Reddit.com is a networking and news website that started up in 2005. It is essentially a bulletin board system with posts that are voted up and down by users, which determines the ranking of posts. The name “Reddit” is a play on “read it”, as in “I read it on Reddit”. One popular feature of the Reddit site is an online forum that is similar to a press conference. Known as an AMA (for “ask me anything”), participants have included the likes of President Barack Obama, Madonna, Bill Gates, Stephen Colbert and Gordon Ramsay. President Obama’s AMA was so popular that the high level of traffic brought down many parts of the Reddit site.

38. Old Swedish coins : ORE

The Swedish Krona is divided into 100 öres, a term derived from the Latin “aureus” meaning “gold”.

44. Rodrigo ___ de Vivar (El Cid) : DIAZ

Rodrigo Diaz de Vivar was known as El Cid Campeador, which translates as “The Champion” or perhaps “The Lord, Master of Military Arts”. El Cid was a soldier who fought under the rule of King Alfonso VI of Spain (among others). However, he was sent into exile by the King in 1080, after acting beyond his authorization in battle. El Cid then offered his services to his former foes, the Moorish kings, After a number of years building a reputation with the Moors, he was recalled from exile by Alfonso. By this time El Cid was very much his own man. Nominally under the orders of Alfonso, he led a combined army of Spanish and Moorish troops and took the city of Valencia on the Mediterranean coast, making it is headquarters and home. He died there, quite peacefully in 1099.

49. “Family Guy” daughter : MEG

“Family Guy” is a very successful animated television show. It was created by Seth MacFarlane, the same guy who came up with “American Dad!”. My kids love them both. Me, I can’t stand ‘em …

51. Nabokov novel : ADA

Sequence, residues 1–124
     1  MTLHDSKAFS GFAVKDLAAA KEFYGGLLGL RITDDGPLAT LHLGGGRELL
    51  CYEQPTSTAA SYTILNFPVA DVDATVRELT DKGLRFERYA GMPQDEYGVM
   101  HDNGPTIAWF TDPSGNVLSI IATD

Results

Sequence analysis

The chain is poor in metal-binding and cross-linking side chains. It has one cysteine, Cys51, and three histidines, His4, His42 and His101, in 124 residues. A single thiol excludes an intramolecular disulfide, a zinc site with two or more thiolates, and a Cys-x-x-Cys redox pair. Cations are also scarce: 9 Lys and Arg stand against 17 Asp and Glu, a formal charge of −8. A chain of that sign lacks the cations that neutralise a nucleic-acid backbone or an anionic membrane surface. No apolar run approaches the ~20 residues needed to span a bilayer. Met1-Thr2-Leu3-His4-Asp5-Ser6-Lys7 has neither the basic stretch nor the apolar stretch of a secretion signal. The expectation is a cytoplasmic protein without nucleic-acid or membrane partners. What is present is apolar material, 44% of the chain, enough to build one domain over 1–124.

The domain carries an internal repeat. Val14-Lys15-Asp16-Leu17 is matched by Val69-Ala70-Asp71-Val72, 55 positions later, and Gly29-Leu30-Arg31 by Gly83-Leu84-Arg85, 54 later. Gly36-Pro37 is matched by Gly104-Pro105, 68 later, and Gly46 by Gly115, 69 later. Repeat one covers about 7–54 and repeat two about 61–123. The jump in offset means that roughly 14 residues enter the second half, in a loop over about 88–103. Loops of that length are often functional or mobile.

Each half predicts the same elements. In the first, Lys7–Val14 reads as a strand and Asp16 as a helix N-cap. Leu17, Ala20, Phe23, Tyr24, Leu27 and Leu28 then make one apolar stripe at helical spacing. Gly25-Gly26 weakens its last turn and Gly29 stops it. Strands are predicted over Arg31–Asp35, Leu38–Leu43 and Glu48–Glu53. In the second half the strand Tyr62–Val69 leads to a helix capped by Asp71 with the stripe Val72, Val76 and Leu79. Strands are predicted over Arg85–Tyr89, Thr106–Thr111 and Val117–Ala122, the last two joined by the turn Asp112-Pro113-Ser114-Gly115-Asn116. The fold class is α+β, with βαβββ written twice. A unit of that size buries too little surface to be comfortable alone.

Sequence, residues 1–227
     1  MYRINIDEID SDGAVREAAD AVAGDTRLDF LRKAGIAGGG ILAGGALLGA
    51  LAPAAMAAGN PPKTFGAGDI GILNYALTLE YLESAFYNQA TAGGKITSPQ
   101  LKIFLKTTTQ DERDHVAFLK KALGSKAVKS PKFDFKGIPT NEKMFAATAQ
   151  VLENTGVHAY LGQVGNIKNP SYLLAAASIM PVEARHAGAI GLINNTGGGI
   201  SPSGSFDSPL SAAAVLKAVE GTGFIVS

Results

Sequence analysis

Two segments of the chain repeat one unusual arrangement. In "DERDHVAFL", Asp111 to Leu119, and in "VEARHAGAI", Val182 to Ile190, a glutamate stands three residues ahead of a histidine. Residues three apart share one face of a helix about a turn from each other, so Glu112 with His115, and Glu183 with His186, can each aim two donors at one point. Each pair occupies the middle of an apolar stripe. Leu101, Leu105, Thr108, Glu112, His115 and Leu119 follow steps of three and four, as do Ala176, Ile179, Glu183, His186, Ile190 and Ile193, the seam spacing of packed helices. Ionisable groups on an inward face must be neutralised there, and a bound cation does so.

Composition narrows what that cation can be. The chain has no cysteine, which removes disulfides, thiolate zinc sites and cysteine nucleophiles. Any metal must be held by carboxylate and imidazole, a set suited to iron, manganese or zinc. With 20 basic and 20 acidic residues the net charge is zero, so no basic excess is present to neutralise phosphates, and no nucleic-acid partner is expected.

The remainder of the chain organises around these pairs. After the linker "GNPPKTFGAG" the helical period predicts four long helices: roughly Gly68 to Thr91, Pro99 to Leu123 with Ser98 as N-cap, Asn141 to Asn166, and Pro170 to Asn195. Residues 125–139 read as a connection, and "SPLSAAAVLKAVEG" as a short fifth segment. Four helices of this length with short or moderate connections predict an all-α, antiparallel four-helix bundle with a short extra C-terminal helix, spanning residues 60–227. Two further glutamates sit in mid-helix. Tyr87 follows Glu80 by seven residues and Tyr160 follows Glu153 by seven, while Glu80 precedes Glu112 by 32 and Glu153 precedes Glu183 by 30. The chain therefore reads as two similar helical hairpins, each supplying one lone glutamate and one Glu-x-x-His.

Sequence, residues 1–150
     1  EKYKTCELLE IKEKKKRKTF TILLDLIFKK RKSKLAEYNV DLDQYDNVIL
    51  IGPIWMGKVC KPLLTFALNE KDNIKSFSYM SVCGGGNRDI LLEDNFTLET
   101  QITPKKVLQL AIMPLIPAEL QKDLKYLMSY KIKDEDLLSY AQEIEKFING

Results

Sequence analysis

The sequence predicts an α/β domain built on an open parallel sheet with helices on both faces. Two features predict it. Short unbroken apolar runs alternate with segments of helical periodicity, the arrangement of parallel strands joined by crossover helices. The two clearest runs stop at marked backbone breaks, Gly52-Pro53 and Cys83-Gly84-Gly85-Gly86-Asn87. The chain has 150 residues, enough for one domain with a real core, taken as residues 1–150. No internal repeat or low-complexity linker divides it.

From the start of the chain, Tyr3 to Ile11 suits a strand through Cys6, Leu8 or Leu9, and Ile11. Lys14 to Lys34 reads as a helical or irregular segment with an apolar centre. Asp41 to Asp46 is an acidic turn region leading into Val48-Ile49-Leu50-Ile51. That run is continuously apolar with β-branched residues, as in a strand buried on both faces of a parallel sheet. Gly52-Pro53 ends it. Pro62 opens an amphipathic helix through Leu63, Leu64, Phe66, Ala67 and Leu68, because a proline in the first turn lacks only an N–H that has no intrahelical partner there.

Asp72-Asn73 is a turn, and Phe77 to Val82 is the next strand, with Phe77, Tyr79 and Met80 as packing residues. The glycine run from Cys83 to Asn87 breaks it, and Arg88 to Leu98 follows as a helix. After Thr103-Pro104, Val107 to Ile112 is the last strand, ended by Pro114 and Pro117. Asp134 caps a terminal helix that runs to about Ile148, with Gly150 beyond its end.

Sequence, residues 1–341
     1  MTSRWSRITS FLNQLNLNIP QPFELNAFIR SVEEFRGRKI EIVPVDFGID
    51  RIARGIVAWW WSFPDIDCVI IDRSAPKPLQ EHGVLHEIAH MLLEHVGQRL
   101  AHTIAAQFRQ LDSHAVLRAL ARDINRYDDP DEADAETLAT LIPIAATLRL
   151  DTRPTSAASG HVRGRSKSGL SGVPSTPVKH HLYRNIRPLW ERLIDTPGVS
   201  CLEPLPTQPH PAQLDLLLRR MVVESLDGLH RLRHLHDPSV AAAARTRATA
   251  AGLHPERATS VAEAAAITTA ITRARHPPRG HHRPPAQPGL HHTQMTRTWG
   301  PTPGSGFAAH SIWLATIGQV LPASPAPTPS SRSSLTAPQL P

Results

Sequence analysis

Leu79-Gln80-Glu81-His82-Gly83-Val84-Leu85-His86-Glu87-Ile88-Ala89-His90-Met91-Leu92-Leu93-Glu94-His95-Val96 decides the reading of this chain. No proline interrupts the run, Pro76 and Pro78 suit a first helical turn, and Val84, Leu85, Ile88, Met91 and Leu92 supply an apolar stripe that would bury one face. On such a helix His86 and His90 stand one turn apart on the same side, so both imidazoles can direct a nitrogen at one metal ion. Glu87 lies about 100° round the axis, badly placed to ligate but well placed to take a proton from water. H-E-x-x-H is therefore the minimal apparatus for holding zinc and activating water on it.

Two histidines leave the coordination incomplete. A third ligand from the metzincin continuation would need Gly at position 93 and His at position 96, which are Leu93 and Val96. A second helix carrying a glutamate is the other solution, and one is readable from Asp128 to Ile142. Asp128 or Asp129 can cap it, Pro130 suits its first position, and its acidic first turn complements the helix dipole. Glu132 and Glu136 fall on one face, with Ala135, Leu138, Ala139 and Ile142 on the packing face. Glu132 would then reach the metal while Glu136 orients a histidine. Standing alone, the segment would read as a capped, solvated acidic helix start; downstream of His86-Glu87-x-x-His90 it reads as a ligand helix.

“Ada” is a 1969 novel by Vladimir Nabokov. The story takes place in the 1800s on Antiterra, an Earth-like planet that has a history similar to ours but with interesting differences. For example, there is a United States, but that country covers all of North and South America. What we call eastern Canada is a French-speaking province called “Canady”, and western Canada is a Russian-speaking province called “Estody”. The storyline is about a man called Van Veen who, when 14 years old, meets for the first time his cousin, 11-year-old Ada. The two cousins eventually have an affair, only to discover later that they are in fact brother and sister.

53. Optima and Sedona : KIAS

The Kia Optima was sold for a while in Canada and Europe as the Kia Magentis.

The Kia Sedona is a minivan that is also sold as the Kia Carnival.

Down

1. TV debater’s worry : GAFFE

Our word “gaffe”, meaning a social blunder, comes from the French “gaffe” meaning “clumsy remark”, although it originally was the word for a boat hook. The exact connection between a boat hook and a blunder seems to be unclear.

4. Women’s college affiliated with Columbia : BARNARD

Barnard College is private women’s school in New York City. Barnard was founded in 1889 and since 1900 has been affiliated with Columbia University.

6. ___-eaten : MOTH

The larvae of several types of moth are noted for eating fabrics made from natural fibers such as wool or cotton. Many people store woolens in cedar chests believing that the scent of the wood prevents a moth infestation. In fact, the only known effective repellent is the naphthalene found in mothballs, which might be a health concern for humans. One way to kill moth larvae in fabric is to freeze the garment for several days at a temperature below 8 degrees centigrade.

7. “Cabbage” : BREAD

The use of the word “bread” as a slang term for money dates back to the 1940s, and is derived from the term “breadwinner”, meaning the person in the house who puts bread on the table, brings in the money.

8. Storied gift bearers : MAGI